Molarity versus Molality
- Molarity (M) - moles of solute per liter of solution.
- Molality (m) - moles of solute per kilogram of solvent.
These will NOT be given to you on the test. You must memorize them.
- Compounds with Group 1 elements are soluble or the ammonium ion are soluble.
- Nitrates, acetates, chlorates, and perchlorates are soluble.
- Chlorides, bromides, and iodides are generally soluble, unless they contain copper, silver, lead, or mercury.
- Sulfates are soluble, unless they contain barium, lead, silver, strontium, or calcium.
- Most silver salts are insoluble unless listed in rule #2.
- Most hydroxide salts are insoluble unless stated in rule #1 or contain calcium, strontium, or barium.
- Most sulfides are insoluble unless stated in rule #1, or contain Group 2 elements.
- Carbonates and phosphates are insoluble unless listed in rule #1.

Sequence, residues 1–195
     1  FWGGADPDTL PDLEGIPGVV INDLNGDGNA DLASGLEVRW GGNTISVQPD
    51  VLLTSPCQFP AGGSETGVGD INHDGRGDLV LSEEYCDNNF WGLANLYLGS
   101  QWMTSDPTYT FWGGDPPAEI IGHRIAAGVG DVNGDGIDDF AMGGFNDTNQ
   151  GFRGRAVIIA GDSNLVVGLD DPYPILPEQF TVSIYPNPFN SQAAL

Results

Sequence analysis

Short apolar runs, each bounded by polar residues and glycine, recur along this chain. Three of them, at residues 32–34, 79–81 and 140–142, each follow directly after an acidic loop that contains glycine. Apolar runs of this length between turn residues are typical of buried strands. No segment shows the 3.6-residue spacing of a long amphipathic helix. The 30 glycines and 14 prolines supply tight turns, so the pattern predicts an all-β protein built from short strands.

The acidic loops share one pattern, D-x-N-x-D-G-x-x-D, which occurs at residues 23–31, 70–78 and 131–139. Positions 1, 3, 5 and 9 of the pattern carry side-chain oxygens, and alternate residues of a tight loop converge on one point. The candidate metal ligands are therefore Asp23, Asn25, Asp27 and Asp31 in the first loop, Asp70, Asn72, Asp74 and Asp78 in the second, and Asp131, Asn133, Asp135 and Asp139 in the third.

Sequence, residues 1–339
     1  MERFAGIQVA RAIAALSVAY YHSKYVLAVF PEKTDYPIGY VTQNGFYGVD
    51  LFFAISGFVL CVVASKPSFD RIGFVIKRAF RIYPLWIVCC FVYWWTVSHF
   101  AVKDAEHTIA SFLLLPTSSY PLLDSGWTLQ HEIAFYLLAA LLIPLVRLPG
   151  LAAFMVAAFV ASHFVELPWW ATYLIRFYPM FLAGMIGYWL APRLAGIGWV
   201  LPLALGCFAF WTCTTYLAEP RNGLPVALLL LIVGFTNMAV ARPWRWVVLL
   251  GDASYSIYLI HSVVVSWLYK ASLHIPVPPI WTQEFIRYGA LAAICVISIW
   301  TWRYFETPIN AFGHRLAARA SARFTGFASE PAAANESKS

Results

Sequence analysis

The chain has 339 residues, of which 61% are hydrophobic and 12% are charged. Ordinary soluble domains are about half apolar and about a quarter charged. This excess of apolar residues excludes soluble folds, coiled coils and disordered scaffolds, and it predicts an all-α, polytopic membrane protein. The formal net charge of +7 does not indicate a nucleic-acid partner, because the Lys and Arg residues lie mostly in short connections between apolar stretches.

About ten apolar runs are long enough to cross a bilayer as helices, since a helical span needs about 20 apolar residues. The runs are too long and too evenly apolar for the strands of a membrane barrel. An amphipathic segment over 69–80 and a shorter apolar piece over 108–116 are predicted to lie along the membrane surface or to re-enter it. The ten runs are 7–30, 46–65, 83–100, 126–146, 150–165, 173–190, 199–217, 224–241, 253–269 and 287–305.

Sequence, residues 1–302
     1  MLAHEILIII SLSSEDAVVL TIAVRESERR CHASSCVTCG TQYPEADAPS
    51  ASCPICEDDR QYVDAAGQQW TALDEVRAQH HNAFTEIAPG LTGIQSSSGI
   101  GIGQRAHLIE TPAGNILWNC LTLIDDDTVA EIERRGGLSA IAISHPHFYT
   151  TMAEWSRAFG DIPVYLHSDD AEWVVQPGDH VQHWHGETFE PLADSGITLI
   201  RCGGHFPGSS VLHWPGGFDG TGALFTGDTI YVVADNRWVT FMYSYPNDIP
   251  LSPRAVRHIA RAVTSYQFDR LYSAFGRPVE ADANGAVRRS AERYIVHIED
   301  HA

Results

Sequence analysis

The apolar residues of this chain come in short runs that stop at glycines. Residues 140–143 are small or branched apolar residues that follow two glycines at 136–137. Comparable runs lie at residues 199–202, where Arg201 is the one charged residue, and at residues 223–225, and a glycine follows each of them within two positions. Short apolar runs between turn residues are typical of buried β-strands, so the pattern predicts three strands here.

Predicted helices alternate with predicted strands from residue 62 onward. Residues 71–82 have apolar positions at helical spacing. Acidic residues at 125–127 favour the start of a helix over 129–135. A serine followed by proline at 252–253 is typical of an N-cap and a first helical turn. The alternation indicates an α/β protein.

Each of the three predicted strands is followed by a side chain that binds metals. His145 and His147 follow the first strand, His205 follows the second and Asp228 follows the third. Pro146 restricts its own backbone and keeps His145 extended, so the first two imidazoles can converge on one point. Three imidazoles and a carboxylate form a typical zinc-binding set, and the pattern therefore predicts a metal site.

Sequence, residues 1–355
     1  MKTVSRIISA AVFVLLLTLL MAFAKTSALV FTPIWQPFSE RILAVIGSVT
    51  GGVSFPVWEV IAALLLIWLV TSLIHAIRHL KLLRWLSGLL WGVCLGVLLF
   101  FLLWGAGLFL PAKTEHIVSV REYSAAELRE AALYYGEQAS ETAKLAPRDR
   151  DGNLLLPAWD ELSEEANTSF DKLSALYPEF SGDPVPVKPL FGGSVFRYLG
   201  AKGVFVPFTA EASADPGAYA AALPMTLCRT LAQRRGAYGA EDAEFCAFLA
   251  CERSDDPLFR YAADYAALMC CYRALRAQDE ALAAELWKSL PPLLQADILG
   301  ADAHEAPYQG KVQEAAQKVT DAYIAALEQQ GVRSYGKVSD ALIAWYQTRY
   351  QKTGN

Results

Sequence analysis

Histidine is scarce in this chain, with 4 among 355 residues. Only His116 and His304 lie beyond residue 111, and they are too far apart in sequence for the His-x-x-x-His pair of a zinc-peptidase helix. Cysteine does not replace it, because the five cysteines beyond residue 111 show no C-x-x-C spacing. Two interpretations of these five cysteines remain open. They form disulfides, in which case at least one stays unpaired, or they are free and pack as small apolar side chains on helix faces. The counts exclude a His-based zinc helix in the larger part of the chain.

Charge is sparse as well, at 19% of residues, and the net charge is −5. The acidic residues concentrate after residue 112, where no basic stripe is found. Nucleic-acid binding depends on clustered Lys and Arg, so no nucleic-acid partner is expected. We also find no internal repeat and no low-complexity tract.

Forgot Your Polyatomic Ions?
- Ammonium - NH4+
- Nitrate - NO3-
- Acetate - CH3COO-
- Chlorate - ClO3-
- Perchlorate - ClO4-
- Sulfate - SO42-
- Carbonate - CO32-
- Phosphate - PO43-
- Solids are more soluble when they are warm, but gases are the opposite.
- Supersaturated solutions will settle if disturbed.
Colligative properties are properties of solutions that depend on the amount of solute particles present rather than the identity of the particles.
- Vapor pressure lowering
- Freezing point depression and boiling point elevation (molality)
- Osmotic pressure
- Colloids look "milky" when light is passed through them (Tyndall Effect)
- Suspensions settle if left long enough, and also look milky.